FDA officials issued a warning about SGLT2 inhibitors and a rare but dangerous infection. However, the odds of contacting the illness are still low.

A recent report from the U.S. Food and Drug Administration (FDA) may be striking unnecessary fear in some people with diabetes.

In particular, it may be alarming patients who are taking diabetes medications in the class of “sodium-glucose cotransporter-2” (SGLT2) inhibitors.

Those drugs were approved for use in the United States in 2013. Brand names include Invokana, Invokamet, Jardiance, and Farxiga.

FDA officials say they have pinpointed a link between a “rare but serious” infection called Fournier’s gangrene within and around the genital area in people with diabetes taking these medications.

Designed to lower blood sugar, SGLT2 inhibitors help to remove excess glucose from the body by expelling that substance through the kidneys and then through a patient’s urine.

The drugs were initially formulated for use in patients with type 2 diabetes, but they have also proven effective in reducing blood glucose levels in patients with type 1 diabetes.

“Fournier’s gangrene is an extremely rare but life-threatening bacterial infection of the tissue under the skin that surrounds muscles, nerves, fat, and blood vessels of the perineum,” explains the FDA announcement. “The bacteria usually get into the body through a cut or break in the skin, where they quickly spread and destroy the tissue they infect.”

People with diabetes are at an increased risk of developing this type of infection, compared to those without diabetes, even if they aren’t taking an SGLT2 inhibitor.

That’s because excess glucose in the bloodstream and urine feeds infection and impairs the healing process of even small cuts or blisters.

However, experts emphasize how rare the likelihood is of a patient developing this infection by taking SGLT2 inhibitor medications.

“Seven cases out of 7 million prescriptions,” said Gary Scheiner, MS, CDE, founder of Integrated Diabetes Services, author of “Think Like a Pancreas,” and a 2014 diabetes educator of the year. “That makes it literally a one-in-a-million event.”

The FDA report explains that between March 2013 to May 2018, there were 12 cases of Fournier’s gangrene in patients taking a SGLT2 inhibitor medication.

“Fournier’s gangrene developed within several months of the patients starting an SGLT2 inhibitor and the drug was stopped in most cases,” the report states. “All 12 patients were hospitalized and required surgery. Some patients required multiple disfiguring surgeries, some developed complications, and one patient died.”

The report adds that in patients taking other diabetes medications, there have only been six cases of Fournier’s gangrene reported, all of which were in men, over the course of 30 years.

Of the 12 reported in this recent report, seven were men and five were women.

Scheiner adds that, Fournier’s gangrene aside, any medication purposefully passing glucose through the urine raises the risk for all types of infection, especially basic urinary tract infections (UTIs).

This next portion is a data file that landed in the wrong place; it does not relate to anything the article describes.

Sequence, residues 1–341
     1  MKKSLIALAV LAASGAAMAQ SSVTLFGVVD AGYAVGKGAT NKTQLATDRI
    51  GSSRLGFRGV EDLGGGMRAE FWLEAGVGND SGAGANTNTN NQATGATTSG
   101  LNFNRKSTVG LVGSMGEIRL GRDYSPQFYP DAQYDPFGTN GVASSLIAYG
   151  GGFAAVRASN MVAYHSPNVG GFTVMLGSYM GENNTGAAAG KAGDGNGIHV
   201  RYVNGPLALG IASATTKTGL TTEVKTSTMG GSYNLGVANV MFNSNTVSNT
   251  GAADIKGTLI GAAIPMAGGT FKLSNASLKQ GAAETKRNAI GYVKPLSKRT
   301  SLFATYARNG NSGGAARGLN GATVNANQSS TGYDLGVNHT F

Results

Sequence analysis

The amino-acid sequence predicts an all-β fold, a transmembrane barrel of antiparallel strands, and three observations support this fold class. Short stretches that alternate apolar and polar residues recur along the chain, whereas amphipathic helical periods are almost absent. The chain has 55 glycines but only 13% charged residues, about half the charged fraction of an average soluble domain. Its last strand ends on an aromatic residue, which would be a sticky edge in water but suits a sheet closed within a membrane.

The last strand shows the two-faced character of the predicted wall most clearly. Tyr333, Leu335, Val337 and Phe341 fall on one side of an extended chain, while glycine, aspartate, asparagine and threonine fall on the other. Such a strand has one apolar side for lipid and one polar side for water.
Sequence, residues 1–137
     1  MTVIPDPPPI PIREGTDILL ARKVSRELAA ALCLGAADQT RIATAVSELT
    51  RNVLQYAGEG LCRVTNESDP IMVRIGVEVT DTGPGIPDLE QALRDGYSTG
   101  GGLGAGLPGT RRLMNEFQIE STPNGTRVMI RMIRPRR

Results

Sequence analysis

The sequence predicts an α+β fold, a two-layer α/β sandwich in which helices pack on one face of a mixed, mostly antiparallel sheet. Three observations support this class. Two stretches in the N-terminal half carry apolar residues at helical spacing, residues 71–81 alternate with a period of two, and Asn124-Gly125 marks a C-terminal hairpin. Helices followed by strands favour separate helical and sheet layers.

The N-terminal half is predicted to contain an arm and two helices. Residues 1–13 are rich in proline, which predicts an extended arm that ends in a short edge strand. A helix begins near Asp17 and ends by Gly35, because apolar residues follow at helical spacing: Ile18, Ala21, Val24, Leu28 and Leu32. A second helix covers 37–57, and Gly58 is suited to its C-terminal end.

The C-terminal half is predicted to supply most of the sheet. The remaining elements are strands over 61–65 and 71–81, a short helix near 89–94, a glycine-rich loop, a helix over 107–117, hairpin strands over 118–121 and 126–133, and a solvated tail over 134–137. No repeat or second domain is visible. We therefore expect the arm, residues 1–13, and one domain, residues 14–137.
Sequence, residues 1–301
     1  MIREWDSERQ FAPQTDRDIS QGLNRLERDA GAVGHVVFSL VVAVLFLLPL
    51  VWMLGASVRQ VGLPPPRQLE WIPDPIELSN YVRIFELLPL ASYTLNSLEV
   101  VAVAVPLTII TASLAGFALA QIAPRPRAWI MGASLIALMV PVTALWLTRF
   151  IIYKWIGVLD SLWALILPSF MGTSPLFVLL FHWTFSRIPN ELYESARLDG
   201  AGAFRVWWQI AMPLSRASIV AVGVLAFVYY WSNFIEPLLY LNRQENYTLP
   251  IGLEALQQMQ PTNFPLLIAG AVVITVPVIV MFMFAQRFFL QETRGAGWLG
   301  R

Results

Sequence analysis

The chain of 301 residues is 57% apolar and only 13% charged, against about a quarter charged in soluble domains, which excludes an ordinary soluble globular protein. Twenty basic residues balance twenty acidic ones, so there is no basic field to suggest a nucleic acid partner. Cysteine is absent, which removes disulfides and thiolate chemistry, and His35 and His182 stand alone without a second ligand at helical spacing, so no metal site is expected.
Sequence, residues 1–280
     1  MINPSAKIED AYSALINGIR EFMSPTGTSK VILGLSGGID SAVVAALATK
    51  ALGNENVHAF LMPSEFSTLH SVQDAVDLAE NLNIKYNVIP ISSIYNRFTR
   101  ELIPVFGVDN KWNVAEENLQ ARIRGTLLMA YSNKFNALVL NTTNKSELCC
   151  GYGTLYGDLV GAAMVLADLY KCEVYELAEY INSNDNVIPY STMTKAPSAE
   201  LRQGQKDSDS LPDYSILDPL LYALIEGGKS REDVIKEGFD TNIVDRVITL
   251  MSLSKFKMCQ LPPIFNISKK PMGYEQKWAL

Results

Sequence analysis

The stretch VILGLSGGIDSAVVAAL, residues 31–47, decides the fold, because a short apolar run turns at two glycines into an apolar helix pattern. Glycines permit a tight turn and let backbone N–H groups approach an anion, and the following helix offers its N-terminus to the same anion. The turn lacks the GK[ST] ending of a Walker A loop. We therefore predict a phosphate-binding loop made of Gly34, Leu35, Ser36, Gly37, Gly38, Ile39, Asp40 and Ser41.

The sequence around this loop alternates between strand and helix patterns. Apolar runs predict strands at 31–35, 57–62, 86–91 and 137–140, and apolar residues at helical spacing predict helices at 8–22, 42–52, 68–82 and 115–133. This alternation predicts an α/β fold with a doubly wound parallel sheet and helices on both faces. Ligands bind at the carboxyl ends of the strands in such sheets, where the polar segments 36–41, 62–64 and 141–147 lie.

“Patients have to be on the lookout for signs of UTI and seek treatment. It should never get to a point as serious as gangrene,” Scheiner told Healthline. “It is incumbent on prescribing physicians to teach this to their patients.”

This is not, however, the first FDA warning when it comes to this class of drugs.

Over the past few years, cases of diabetic ketoacidosis (DKA) have been linked to the use of SGLT2 inhibitors.

DKA is a life-threatening condition in which the blood becomes too acidic, usually as a result of too little insulin present in the body. The ailment requires immediate hospitalization and intravenous saline and insulin to treat.

While the illness is rare, it’s imperative that people with diabetes taking SGLT2 inhibitors monitor ketone levels regularly during the first year or two of taking the drug.

Many patients taking SGLT2 inhibitors report no unpleasant side effects aside from needing to drink more water and urinate more frequently.

“I’ve been on Invokana basically since it first hit the U.S. market in 2013,” Steven Kane, a 56-year-old patient with type 1 diabetes, told Healthline. “It’s been a very positive experience.”

While Kane is aware of the increased risk for DKA and infections, he says he’s only experienced the intended effects of the drug, including reduced blood glucose levels and reductions in his insulin doses.

“No ketones. No genital issues. I lost a bunch of weight at first. My basal insulin needs got reduced by 65 percent, and my bolus insulin for meals has reduced by 30 percent. My A1c is usually just under 7 percent, and I give myself a B+ or A- when it comes to my overall self-care,” he said.

Kane has no intentions of discontinuing his use of SGLT2 inhibitors, as they have become a helpful part of his overall diabetes management care.

“I watch what I eat and I pretty low carb, but I’m not on an particular diet or plan,” he said. “I don’t measure my portions. I’m a proud ice cream addict. I’m not overweight and I exercise regularly.”

Ginger Vieira is an expert patient living with type 1 diabetes, celiac disease, and fibromyalgia. Find her diabetes books on Amazon.com and connect with her on Twitter and YouTube.